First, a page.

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Using the sun to kill weeds and prepare garden plots

Quick facts

  • Solarization is the process of placing a clear plastic tarp over an area to heat up the soil underneath.
  • Occultation uses opaque coverings instead of clear. Occultation takes longer.
  • The plastic traps heat and moisture, which encourages seed germination and plant growth.
  • By blocking access to water and heating up the soil, the process eventually kills the vegetation underneath.

Late summer is a great time to prepare garden space to start a new garden or bee lawn. Solarization and occultation are simple methods to remove existing vegetation and get ahead of weeds.

What is solarization?

Solarization is the process of placing a clear plastic tarp over a field, garden bed or lawn to heat up the soil underneath. The intention of solarization is to kill weeds or grass, though it can have added benefits of reducing pathogen populations in the soil.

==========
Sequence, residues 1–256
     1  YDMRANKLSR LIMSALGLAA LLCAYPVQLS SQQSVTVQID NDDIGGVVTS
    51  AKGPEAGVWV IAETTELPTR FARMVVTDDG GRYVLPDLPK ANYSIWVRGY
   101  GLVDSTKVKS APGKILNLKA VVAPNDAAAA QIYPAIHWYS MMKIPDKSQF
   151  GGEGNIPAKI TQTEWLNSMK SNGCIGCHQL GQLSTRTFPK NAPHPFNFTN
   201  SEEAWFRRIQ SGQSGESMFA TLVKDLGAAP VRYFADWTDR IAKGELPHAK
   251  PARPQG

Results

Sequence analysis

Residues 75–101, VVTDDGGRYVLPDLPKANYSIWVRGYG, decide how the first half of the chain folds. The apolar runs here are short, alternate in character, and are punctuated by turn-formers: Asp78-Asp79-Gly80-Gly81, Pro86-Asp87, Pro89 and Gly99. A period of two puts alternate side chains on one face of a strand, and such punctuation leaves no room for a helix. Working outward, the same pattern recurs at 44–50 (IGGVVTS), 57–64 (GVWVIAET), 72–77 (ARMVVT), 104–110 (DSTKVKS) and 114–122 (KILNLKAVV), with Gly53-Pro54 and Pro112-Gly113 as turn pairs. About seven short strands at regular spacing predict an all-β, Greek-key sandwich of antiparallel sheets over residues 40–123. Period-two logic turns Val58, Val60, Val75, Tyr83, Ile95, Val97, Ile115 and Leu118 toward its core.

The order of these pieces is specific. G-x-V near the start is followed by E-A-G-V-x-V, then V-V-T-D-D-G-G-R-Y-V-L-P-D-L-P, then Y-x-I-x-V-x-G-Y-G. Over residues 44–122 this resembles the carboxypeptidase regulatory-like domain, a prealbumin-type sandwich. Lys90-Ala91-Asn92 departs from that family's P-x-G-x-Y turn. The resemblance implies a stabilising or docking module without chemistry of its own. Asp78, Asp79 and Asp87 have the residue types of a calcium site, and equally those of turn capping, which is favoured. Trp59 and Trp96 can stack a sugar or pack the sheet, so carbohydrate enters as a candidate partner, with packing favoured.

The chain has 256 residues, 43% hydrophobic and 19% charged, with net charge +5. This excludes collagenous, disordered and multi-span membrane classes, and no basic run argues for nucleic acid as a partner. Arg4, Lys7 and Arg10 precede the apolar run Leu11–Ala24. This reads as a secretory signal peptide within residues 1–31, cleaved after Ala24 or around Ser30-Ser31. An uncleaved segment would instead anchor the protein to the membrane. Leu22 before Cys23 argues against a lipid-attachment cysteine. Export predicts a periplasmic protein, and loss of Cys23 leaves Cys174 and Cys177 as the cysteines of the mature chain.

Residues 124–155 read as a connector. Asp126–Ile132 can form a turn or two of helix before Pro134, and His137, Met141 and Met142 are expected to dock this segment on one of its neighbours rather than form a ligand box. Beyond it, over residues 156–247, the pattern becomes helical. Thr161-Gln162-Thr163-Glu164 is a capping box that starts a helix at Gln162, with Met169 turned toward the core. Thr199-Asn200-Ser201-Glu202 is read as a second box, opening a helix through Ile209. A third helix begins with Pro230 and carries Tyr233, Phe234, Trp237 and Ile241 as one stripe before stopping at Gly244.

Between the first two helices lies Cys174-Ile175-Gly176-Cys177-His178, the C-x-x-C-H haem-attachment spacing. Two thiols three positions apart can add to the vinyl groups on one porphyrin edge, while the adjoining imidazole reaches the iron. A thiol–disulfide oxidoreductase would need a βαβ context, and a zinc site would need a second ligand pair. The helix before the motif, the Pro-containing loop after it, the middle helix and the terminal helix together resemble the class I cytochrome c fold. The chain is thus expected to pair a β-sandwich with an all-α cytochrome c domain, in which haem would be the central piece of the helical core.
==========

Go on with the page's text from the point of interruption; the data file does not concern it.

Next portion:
The plastic covering produces a greenhouse effect:

  • The plastic traps heat and moisture, which encourages seed germination and plant growth.
  • By blocking access to water and heating up the soil, the solarization process eventually kills the vegetation underneath.

Clear plastic tarps from your local hardware store (2-6 mil) are sufficient for solarization. In dry climates, the process typically takes around two to three weeks during hot summer months. The process is complete when the vegetation underneath the tarp is dead. However, in Minnesota, the process often takes quite a bit longer and is not always as effective as using opaque plastic tarps.

Solarizing an organic alfalfa plot
Plot after solarization

What is occultation?

Black tarp covering a field for occultation

Occultation is similar to solarization, but opaque coverings are used instead of clear. While it may sound counterintuitive, fields covered in clear plastic become hotter than fields covered in black plastic.

Black plastic actually absorbs light, whereas clear plastic allows light and heat to pass through. So occultation takes longer.